Autobiography of a mad nation: A review

I recently had a chance to read this book, and I must admit, like a true journalist, Sriram Karri had me hooked from the first line – I was born in a mentally retarded country.

In today’s world, where consumerism is holding sway, Karri’s narrative holds up a mirror to us and asks, no, beseeches us “How much are you willing to take before you fight back?” Topics such as political leanings, religion, regionalism, sensationalism that are normally touched upon very lightly, if at all, are tackled head on.

Coming to the story, the diary of a convict on death row is discovered by the highest office in India. The sentiments strike a chord, and a covert mission is sanctioned – to find out the reason for a normal person to suddenly kill his mentally retarded neighbour.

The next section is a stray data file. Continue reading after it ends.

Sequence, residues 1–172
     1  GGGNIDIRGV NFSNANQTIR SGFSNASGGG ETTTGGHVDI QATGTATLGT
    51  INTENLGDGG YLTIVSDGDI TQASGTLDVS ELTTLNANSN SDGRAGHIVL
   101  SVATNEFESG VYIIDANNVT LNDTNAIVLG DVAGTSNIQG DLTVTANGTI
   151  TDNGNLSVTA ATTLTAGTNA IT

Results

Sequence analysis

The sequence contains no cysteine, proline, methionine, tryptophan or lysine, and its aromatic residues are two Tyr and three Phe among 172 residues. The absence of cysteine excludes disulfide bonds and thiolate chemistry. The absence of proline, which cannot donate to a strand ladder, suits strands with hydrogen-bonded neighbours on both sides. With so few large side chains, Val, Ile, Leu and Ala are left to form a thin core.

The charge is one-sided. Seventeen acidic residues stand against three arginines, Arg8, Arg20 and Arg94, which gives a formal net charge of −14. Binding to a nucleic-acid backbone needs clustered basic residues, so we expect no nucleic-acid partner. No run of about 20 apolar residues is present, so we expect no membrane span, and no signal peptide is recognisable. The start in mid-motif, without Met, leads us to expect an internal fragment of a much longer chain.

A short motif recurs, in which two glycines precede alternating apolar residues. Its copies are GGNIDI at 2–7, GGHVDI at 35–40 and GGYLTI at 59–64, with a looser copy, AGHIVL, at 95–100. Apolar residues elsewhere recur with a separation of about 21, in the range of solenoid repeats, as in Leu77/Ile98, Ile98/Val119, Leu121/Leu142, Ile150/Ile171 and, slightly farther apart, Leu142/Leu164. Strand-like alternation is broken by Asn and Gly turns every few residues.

The premise of the story is very interesting, and it grabs you right from the start. This story goes beyond the regular fiction piece, as it drives you to think of where we are and where we are headed in terms of a society and a country.

Moving at a breakneck speed from partition to emergency, to nuclear tests to liberalization, to the Mandal commission to Babri masjid, to Godhra riots to Indira’s assassination to banning Satanic Verses to the Kargil war; the story makes all important milestones part of the narrative. A group, hidden in the shadows, controlling the strings of the story only serves the purpose of making you question “Who is pulling our strings? Do we have control?”

It is a brave book, and one that requires you to keep an open mind. Your beliefs will be tested, your opinions will be questioned, and you will feel enriched by the end of the story. This is a book that you must read. I would rate it 4.5 out of 5.